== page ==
‘You Don’t Kill a Story by Killing a Journalist’
Three years ago today, Corinne Vella received a call that would forever change her family, her life, and even her homeland, the small Mediterranean island of Malta.
At the Milton Group’s 2020 New Year’s bash in Kyiv, as the company’s hundreds of young staffers drank and danced the night away, some of the most important men in the room slipped away to pose for a photograph together.
Looking almost identical in their dark suits and shaved heads, and surrounded by a cadre of bodyguards, they lined up in front of a backdrop of pine fronds festooned with golden baubles. “Happy New Year! Milton Group,” the festive decoration read.
This image, uploaded to Instagram by at least two participants, was not just a party memento, but an important clue to journalists that Milton’s activities extended far beyond the borders of Ukraine, where it had been orchestrating a boiler-room scam out of a Kyiv mall that duped victims out of their life savings.
Now, using evidence from social media posts, interviews with insiders, and undercover reporting, OCCRP can reveal that Milton Group’s Kyiv call center is part of a web of similar operations across several countries that employ an army of salespeople to hawk dubious investments to victims around the world.
In the Instagram party snapshot, an official adviser to Albania’s defense minister stood in the center row. Close to him was a man named David Todua.
Todua, a Georgian-born Israeli citizen, was already on journalists’ radar due to the testimony of a whistleblower from inside the call center, who named him as an important company official who visited its offices in Kyiv. The whistleblower also reported the case to Swedish authorities, naming Todua as the man behind the operation.
Although no official documents connect Todua to Milton Group, he owns the online payment platform that was used to handle payments from people being scammed by Milton. (Todua strongly denies any formal or informal involvement in Milton Group.)
After handing a cache of internal documents to journalists, the whistleblower agreed to return to the Ukrainian capital to attend — and secretly record — the firm’s annual new year’s party, which promised to be lavish.
The theme was “The Great Gatsby,” the classic American novel of Jazz Age excess, and the event featured elaborate performances, neon lights, and prizes of cash and cars. There were also speeches by the firm’s leadership and the presentation of a birthday cake studded with three candles, marking Milton’s anniversary of operations.
Milton Group CEO Jacob Keselman fawningly thanked “David” — whom he referred to as the “father” of the company — and presented him with a gift along with the festive cake. The whistleblower, who attended the event, identified this “David” as David Todua. (Todua confirmed to journalists he had attended the party, but only as a guest of Keselman. Keselman, for his part, told journalists he did not know Todua.)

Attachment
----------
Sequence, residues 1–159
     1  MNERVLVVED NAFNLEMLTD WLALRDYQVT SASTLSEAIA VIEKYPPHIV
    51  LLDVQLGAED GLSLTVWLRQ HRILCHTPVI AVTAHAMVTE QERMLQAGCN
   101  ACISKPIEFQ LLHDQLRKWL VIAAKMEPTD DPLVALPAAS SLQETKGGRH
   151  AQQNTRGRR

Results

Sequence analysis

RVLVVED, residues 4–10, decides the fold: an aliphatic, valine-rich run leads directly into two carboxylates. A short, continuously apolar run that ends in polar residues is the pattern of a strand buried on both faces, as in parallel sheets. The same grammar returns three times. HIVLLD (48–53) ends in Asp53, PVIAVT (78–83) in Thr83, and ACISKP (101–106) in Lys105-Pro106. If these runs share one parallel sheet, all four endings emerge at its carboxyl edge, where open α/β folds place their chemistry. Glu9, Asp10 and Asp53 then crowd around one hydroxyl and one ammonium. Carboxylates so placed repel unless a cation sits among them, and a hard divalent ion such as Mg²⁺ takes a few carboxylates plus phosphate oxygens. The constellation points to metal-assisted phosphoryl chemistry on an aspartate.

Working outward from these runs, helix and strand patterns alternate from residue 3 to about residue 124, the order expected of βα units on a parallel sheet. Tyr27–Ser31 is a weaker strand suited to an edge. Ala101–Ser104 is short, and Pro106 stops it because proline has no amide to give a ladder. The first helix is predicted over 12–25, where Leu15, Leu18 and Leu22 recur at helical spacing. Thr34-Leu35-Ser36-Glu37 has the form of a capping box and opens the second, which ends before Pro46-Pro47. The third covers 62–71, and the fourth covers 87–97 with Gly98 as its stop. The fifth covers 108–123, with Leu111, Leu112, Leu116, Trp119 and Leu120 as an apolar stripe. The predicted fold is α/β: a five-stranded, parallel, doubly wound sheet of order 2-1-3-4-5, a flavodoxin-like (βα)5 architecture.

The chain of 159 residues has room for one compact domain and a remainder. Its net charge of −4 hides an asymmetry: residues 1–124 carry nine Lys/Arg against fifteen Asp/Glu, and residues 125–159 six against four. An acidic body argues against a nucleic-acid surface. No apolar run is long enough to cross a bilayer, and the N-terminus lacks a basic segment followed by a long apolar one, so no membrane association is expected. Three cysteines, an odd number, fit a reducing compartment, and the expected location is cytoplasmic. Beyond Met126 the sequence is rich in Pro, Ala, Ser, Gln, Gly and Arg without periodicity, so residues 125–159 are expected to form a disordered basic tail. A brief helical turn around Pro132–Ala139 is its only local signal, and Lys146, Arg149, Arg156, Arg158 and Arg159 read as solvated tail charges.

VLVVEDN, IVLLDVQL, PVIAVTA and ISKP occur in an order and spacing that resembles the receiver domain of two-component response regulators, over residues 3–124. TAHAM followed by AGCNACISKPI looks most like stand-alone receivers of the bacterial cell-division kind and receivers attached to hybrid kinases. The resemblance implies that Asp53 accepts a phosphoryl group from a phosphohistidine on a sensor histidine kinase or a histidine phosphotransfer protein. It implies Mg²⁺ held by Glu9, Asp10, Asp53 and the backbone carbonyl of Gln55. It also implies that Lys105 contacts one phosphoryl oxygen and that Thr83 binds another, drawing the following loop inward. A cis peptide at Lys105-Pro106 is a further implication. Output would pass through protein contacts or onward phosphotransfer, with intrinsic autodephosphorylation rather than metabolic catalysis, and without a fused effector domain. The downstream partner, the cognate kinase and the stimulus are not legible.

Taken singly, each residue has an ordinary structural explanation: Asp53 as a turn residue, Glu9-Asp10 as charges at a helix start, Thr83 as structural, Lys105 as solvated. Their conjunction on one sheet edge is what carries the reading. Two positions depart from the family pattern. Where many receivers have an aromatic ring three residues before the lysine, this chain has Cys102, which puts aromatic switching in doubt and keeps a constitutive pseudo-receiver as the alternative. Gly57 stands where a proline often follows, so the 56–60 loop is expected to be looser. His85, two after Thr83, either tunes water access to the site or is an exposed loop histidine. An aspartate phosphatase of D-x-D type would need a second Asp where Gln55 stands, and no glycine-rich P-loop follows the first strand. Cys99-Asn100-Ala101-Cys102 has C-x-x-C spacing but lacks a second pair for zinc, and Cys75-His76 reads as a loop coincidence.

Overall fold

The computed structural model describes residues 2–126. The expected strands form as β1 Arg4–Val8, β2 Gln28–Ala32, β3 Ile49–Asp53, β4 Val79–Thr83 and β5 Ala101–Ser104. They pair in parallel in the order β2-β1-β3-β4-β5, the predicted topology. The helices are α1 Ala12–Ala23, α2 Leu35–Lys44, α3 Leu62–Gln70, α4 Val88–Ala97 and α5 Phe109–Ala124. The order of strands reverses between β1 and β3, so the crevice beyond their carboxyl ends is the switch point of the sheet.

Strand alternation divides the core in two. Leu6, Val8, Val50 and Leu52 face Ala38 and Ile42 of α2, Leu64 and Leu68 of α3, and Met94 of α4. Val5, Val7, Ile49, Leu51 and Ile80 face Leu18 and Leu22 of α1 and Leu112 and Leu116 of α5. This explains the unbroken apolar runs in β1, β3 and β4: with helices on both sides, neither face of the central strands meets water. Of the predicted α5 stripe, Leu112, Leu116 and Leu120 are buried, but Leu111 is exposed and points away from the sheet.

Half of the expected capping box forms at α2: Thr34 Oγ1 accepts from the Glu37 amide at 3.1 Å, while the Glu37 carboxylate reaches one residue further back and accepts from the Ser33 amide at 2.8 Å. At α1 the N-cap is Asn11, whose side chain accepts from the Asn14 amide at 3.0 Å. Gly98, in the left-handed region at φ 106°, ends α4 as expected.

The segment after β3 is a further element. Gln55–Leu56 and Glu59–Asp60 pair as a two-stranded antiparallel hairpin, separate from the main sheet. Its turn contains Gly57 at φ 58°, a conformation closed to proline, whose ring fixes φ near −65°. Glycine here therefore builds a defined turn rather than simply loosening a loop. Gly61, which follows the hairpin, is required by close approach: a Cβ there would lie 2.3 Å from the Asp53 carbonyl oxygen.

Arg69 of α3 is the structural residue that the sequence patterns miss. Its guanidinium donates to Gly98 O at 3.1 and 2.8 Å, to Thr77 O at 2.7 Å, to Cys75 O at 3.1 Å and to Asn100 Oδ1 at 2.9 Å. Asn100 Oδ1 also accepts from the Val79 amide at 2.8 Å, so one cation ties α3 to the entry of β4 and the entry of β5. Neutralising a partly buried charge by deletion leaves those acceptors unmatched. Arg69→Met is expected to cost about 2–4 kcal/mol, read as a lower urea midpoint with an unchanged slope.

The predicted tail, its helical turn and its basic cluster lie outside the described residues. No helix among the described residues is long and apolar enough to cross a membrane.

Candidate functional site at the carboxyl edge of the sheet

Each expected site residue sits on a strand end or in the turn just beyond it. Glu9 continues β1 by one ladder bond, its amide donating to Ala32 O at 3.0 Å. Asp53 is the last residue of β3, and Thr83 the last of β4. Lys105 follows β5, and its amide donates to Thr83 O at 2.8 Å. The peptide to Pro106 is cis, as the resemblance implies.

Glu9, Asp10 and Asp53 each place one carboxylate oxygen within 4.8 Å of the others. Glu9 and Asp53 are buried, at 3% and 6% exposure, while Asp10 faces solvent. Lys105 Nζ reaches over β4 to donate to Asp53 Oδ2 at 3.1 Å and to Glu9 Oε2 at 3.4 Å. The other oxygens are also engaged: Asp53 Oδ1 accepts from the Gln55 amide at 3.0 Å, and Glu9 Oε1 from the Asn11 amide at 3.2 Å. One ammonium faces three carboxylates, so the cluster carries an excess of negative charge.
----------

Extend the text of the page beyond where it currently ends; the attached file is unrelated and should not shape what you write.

Keselman also hinted at the existence of a wider Milton network when he formally welcomed attendees from Macedonia, Albania, and Georgia to the party.
“Last year  we proved that we are the number one company in Ukraine. Let’s prove this year that we are the number one company in the world!” he exhorted a crowd of hundreds of cheering employees.
The Great Gatsby fete wasn’t Keselman’s first holiday party of the season. In December, according to social media postings, he had attended another corporate celebration, this one in the Albanian capital, Tirana. There, he posed for selfies alongside a tall man with distinctive blond coloring, identified on social media as Andrii Romanko and tagged with the Albanian flag.
The blond man looked familiar to reporters. He had also been photographed alongside Keselman on a number of other occasions, including at Milton Group’s 2019 staff New Year’s party, a similar party at a hotel in Tbilisi in December, and even in casualwear on a beach.
Following a tip that a new call center had opened in an office building on the outskirts of Tirana, a reporter for OCCRP filmed the same bearded blond man emerging from a high-end coffee shop on the ground floor. The offices were heavily guarded and equipped with security cameras.
Company documents provided by an insider, and seen by OCCRP, reveal that the center has been run by two firms, CTA Groupe Shpk and APA Liaison Shpk. CTA Groupe is owned by APA Liaison, which is fully owned by Amant Josifi, the same Defense Ministry adviser who had been pictured with Todua.
The 31-year-old Josifi has powerful connections in Albania. He has been an official adviser to the Minister of Defense since December 2017, when he was appointed by Olta Xhaçka, a member of Prime Minister Edi Rama’s Socialist Party.
Josifi is also a former business partner of the prime minister’s brother, Ols (Olsi) Rama, with whom he co-owned a telecommunications and telemarketing firm, Pegasus Communications Shpk, until Josifi sold his shares in December 2017.
His mother, Pranvera Strakosha, is a former judge who is now the Commissioner for the Oversight of the Civil Service, an ombudsman charged with protecting the rights of government employees.
In response to questions from OCCRP, Josifi confirmed that he owned a call center in Albania, and that he had attended the Milton Group party in January. But he denied any formal ties to Milton Group and said his center was entirely unrelated.
He said he was “simply on vacation” in Kyiv during the time of the party, and was acquainted with David Todua.
“I first met Mr. Todua in Israel, and then at some events,” he said without elaborating.
Josifi insisted that any mention of an Albanian call center at the Milton party did not refer to his own business.
He did concede, however, that Romanko had been employed as an “operator” at his call center since 2018. He insisted that Romanko did not work for Milton Group in Kiev.